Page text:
The song was based upon aphorisms decorating a wall at his Friar Park home, added by its former owner Sir Frank Crisp. The words of the eccentric Sir Frank also inspired songs including ‘The Ballad Of Sir Frankie Crisp (Let It Roll)’ and ‘Ding Dong, Ding Dong’.
The stately tempo and diminished chords of ‘The Answer’s At The End’ recall ‘Isn’t It A Pity’ from Harrison’s All Things Must Pass album. He acknowledged the connection with the lines “Isn’t it a pity how we hurt/The ones that we love the most of all”, and in his 1980 autobiography.
‘The Answer’s At The End’ was once again something Sir Frankie Crisp had had painted on the walls:
Scan not a friend with a microscopic glass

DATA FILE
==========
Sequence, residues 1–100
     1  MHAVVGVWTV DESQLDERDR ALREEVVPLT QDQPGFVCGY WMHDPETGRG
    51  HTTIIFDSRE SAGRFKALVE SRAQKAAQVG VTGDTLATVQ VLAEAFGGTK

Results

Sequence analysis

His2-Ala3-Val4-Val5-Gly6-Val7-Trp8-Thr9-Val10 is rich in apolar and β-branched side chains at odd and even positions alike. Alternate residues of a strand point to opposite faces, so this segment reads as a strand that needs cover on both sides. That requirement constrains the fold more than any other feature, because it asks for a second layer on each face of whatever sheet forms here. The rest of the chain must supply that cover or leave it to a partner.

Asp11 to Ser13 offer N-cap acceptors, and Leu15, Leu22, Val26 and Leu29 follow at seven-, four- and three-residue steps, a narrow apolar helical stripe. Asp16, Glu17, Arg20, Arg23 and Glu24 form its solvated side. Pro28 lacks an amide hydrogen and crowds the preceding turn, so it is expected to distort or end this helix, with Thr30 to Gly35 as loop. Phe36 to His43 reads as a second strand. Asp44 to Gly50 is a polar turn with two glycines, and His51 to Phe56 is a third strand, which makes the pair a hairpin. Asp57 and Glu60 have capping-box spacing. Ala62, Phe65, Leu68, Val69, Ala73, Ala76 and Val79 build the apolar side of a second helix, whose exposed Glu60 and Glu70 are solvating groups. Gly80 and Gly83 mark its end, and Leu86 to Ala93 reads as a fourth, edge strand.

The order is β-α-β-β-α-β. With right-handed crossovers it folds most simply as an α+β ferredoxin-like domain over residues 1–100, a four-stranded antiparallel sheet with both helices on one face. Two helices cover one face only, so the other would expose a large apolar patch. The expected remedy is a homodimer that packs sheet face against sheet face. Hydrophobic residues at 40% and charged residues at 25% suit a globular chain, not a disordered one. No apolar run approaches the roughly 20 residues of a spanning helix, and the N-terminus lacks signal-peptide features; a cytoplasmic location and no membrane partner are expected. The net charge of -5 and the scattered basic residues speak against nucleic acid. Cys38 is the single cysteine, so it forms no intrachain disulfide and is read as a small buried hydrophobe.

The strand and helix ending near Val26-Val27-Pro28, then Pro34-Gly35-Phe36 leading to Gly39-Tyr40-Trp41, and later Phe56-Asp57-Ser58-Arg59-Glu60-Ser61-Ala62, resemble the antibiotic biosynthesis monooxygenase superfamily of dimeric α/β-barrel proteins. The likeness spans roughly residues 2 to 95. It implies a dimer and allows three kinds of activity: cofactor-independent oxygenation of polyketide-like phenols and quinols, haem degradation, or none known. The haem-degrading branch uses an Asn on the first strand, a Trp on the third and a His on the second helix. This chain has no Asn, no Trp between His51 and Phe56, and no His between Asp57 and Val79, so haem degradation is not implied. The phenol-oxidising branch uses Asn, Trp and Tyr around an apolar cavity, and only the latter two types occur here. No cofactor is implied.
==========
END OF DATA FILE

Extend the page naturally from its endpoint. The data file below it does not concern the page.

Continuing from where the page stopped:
You know his faults now let his foibles pass
Life is one long enigma true my friend
Read on, read on, the answer’s at the end
Seeing it for so many years and thinking it was so nice, I decided it ought to be a song. Nina Simone’s version of ‘Isn’t It A Pity’ influenced the mood of the middle part during the recording of the song.
I Me Mine
Harrison quoted the song’s lyrics – and Sir Frank’s words – during a Yahoo! web chat on 15 February 2001:
spongeweed70508 asks: Does Paul still piss you off (tell us the truth)
george_harrison_live: Scan not a friend with a microscopic glass – You know his faults – Then let his foibles pass.
george_harrison_live: Old Victorian Proverb.
george_harrison_live: I’m sure there’s enough about me that pisses him off, but I think we have now grown old enough to realize
george_harrison_live: that we’re both pretty damn cute